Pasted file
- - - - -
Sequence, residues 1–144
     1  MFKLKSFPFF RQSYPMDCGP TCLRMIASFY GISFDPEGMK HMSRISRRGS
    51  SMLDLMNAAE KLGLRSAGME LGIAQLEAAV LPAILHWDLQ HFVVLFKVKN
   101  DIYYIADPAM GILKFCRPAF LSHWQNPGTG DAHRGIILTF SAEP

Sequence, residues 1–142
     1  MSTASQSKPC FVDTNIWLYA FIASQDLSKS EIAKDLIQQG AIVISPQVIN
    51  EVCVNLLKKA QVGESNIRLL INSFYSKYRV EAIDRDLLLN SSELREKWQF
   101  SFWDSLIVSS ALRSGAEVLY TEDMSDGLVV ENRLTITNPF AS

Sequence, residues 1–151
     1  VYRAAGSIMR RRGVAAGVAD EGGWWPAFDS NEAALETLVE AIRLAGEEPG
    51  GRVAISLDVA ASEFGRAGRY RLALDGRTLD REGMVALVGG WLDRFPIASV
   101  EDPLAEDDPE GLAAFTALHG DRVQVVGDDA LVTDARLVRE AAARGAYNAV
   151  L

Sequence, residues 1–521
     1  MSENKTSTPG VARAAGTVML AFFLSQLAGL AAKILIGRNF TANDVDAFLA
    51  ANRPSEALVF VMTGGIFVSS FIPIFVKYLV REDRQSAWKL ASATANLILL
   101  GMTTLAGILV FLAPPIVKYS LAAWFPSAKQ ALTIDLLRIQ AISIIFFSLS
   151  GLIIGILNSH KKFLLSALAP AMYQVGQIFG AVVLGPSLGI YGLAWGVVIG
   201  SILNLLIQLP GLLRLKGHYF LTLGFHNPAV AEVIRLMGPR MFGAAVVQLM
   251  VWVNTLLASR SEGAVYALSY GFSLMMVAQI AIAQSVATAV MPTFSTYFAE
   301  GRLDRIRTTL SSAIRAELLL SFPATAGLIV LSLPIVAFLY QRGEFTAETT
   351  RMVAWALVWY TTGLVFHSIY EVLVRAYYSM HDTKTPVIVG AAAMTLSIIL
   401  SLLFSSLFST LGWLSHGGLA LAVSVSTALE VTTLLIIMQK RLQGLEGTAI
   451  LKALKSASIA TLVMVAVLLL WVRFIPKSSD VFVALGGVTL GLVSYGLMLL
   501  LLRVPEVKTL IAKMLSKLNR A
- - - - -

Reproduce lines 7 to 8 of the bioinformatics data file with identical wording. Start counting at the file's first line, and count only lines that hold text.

    51  EVCVNLLKKA QVGESNIRLL INSFYSKYRV EAIDRDLLLN SSELREKWQF
   101  SFWDSLIVSS ALRSGAEVLY TEDMSDGLVV ENRLTITNPF AS